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The IMO has published a recommended method for sampling of liquid fuel oil used on board ships to assist with effective control and enforcement of the sulphur content requirements under MARPOL Annex VI.

IMO’s “Guidelines for Onboard Sampling for the Verification of the Sulphur Content of the Fuel Oil used on board ships” was approved in October 2016 at the Maritime Environment Protection Committee’s 70th session (MEPC70) and has been issued as MEPC.1/Circ.864.  Although the guidelines are a recommendation only, they set forth an acceptable sampling method for inspectors to determine the sulphur content of fuel oils, both with respect to location of sampling points and handling of the samples.

It is worth noting that the ship’s representative should, in the absence of a dedicated sampling point approved by the flag state/classification society, be able to propose a location and arrangement for sampling that is safe and representative of the fuel. According to the IMO guidelines, this sampling point should comply with all the following requirements:

  • be easily and safely accessible;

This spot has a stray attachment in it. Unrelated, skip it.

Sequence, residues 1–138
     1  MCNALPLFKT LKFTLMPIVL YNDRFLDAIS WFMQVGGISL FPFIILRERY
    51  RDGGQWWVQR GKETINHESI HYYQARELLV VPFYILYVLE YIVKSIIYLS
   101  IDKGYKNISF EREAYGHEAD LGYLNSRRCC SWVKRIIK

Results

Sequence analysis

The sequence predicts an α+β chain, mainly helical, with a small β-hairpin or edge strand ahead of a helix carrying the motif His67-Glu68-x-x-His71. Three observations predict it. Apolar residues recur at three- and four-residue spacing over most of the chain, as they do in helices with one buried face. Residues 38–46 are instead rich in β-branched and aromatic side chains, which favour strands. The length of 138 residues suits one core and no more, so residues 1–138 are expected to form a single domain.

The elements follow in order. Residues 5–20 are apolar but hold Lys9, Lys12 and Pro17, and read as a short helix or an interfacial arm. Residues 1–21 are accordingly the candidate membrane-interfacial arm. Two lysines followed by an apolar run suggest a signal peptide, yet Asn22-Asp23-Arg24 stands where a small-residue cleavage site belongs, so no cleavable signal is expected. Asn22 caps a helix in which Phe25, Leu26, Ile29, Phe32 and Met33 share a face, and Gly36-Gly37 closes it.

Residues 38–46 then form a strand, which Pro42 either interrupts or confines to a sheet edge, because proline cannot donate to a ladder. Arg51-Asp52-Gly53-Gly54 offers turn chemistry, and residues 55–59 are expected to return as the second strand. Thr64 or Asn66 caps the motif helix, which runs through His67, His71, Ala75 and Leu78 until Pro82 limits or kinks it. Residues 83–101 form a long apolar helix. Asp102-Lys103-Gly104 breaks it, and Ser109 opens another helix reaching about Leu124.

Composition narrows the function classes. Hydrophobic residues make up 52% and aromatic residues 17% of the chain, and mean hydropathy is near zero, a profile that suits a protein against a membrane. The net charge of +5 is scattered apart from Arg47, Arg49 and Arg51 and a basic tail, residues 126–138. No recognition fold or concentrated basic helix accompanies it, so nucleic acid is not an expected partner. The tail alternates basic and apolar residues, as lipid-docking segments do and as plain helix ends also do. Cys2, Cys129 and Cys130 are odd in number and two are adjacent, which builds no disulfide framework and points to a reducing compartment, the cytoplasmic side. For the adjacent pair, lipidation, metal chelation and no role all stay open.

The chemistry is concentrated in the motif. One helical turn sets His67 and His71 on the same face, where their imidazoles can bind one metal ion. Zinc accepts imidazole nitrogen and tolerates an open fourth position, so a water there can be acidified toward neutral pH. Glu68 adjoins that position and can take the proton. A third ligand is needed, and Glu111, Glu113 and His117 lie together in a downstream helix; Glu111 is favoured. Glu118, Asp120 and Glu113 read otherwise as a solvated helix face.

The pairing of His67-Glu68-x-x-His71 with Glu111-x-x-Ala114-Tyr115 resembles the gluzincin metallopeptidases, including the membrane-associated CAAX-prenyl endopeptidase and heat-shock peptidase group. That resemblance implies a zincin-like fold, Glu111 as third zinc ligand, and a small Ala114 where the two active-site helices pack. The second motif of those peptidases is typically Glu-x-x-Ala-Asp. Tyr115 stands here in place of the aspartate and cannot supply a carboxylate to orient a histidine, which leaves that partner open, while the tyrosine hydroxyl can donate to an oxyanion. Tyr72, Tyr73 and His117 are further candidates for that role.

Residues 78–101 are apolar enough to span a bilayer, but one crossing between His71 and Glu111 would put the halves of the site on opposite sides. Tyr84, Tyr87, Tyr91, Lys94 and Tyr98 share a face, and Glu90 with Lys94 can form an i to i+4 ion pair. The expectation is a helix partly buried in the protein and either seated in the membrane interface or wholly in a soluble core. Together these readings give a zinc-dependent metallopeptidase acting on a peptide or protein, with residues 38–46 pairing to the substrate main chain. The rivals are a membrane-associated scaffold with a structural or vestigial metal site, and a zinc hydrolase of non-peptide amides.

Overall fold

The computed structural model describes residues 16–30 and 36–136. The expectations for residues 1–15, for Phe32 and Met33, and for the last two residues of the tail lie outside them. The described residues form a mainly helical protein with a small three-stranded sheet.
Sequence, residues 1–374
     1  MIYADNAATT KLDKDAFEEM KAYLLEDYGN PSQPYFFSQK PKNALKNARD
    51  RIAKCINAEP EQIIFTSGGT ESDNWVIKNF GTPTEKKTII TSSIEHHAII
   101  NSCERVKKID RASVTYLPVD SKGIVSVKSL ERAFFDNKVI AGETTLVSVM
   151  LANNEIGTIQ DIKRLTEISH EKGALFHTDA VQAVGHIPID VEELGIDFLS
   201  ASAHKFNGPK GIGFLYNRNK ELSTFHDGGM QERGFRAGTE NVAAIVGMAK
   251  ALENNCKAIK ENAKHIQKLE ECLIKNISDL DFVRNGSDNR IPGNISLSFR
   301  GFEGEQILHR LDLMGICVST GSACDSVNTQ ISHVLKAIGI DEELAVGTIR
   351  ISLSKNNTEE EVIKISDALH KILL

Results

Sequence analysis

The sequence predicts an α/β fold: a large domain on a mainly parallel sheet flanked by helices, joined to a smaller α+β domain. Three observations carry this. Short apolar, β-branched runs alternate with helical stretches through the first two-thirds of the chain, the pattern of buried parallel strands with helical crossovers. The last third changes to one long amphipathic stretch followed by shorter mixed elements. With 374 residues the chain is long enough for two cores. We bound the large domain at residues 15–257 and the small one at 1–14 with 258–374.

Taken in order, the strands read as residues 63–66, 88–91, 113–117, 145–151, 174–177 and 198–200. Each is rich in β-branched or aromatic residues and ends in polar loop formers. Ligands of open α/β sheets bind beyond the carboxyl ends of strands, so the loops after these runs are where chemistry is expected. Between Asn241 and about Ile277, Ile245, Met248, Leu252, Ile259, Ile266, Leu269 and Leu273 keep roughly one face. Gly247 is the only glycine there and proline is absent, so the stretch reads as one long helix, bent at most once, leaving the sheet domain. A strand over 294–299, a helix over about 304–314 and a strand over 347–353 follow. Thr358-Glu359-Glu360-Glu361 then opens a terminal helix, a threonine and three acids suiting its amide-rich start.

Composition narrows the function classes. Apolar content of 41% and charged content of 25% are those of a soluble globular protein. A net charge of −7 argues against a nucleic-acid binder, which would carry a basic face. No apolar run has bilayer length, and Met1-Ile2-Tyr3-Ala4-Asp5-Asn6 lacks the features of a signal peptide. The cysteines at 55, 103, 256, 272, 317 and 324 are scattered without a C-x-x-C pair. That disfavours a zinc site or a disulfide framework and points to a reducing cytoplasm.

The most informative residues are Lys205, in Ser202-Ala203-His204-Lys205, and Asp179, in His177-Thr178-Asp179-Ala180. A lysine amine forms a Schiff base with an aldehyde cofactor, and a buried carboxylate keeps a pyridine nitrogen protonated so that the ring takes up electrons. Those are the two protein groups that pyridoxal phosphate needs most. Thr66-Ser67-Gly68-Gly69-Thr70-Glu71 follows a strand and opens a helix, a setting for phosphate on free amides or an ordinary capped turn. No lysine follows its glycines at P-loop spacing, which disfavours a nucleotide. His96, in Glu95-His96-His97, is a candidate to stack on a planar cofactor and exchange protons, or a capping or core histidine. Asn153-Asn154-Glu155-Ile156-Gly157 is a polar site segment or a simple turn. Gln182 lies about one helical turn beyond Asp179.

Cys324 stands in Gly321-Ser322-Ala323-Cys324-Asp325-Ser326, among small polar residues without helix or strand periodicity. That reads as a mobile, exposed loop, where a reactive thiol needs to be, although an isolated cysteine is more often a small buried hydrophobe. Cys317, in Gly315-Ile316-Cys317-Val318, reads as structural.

• take into account the different fuel oil grades used for the fuel oil combustion machinery item;
  • be downstream of the in-use fuel oil service tank;
  • be as close to the fuel oil combustion machinery as safely feasible taking into account the type of fuel oil, flow-rate, temperature, and pressure behind the selected sampling point;
  • be located in a position shielded from any heated surfaces or electrical equipment and the shielding device or construction should be sturdy enough to endure leaks, splashes or spray under design pressure of the fuel oil supply line so as to preclude impingement of fuel oil onto such surface or equipment; and
  • be fitted with suitable drainage to the drain tank or other safe location.

The IMO guidelines also draw attention to the importance of only taking the fuel oil sample once a steady flow is established in the fuel oil circulating system as well as thoroughly flushing through the sampling connection with the fuel oil in use prior to drawing the sample.

Members and clients are advised to revisit their onboard procedures for fuel sampling and consider if the recommendations contained in the IMO guidelines should be implemented. Following an inspection involving sampling, it is also advisable that the ship’s representative verifies that all sample bottles are properly sealed and labelled. For each sample drawn during the inspection, one bottle should be retained onboard the ship for a period of not less than 12 months from the date of collection.

Additional guidance and recommendations are also available in our Loss Prevention Circular: Onboard verification of fuel sulphur content dated 30 September 2016.